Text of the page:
The order bans alcohol sales after 10 p.m. and the consumption of any drinks purchased before then by 11 p.m.

COLUMBUS, Ohio (AP) — Alcohol sales will be banned after 10 p.m. Friday under an executive order issued by Ohio Gov. Mike DeWine to help slow the spread of the coronavirus by limiting close gatherings.

The order also prohibits the consumption of any drinks after 11 p.m. In a nod to the hit businesses are expected to take, it also boosts to three the number of alcoholic drinks that can be bought per takeout meal.

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DeWine’s order followed the Ohio Liquor Control Commission’s adoption of an emergency rule earlier in the day that made the changes and allowed them to be implemented immediately.

The restriction is necessary because social distancing worsens late at night in establishments selling alcohol, DeWine said Thursday when he announced the order. The governor said bars lend themselves to people being close to others for hours at a time, whether at one establishment or several as people bar hop.

“We do not want to shut down Ohio bars and restaurants. That would be devastating to them,” the governor said. “But we do have to take some kind of action and see what kind of results we get.”

A similar order in Columbus was struck down almost immediately by a judge, and legal challenges of the governor’s statewide order are also expected.

Bar owners across the state criticized the move, saying DeWine should be punishing specific businesses for allowing improper gatherings and not the entire industry.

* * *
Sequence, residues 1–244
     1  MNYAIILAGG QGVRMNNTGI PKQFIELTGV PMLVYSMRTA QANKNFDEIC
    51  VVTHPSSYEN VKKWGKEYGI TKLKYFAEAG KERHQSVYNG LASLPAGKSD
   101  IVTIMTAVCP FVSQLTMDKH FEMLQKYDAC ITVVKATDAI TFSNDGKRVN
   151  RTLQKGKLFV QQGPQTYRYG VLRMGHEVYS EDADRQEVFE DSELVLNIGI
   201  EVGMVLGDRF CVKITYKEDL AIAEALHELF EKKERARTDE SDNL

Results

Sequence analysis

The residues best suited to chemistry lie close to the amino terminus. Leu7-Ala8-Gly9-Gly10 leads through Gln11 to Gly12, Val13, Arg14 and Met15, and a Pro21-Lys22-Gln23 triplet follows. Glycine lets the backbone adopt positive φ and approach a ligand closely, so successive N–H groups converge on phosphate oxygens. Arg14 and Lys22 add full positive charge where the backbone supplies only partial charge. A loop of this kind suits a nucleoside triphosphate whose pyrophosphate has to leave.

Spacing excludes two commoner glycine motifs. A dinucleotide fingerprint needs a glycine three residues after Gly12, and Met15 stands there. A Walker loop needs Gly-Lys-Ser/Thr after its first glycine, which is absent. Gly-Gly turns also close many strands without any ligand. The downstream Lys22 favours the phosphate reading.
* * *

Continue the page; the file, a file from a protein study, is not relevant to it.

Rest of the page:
In Lakewood in suburban Cleveland, the owner of Viking-themed cocktail bar LBM said the outlet thrives on its 10 p.m. to 2 a.m. business.

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“If he restricts those last four hours of service, essentially he’s taking away one of our busiest times,” co-owner Eric Ho told “We can lose up to 40% of our income based on tips.”

Such restrictions are difficult for an industry already suffering severe consequences because of the pandemic and earlier shutdown orders, the Ohio Restaurant Association said.

“For those businesses and their employees, this additional restriction will be devastating and will be very difficult for them to overcome,” the association said.

It urged state and local leaders to work with restaurants to expand outdoor dining, and to make contact tracing data available to measure which “sectors and activities” of the industry are contributing to the spread of the coronavirus.

COVID-19 cases remained high in Ohio on Friday, with the Health Department reporting 1,533 probable and confirmed cases. More than 91,000 total cases have been reported to date, and 3,489 people have died.

The prison system has been hard hit, and on Friday the state confirmed 23 death row inmates had tested positive in a flare-up that began just within the past week.

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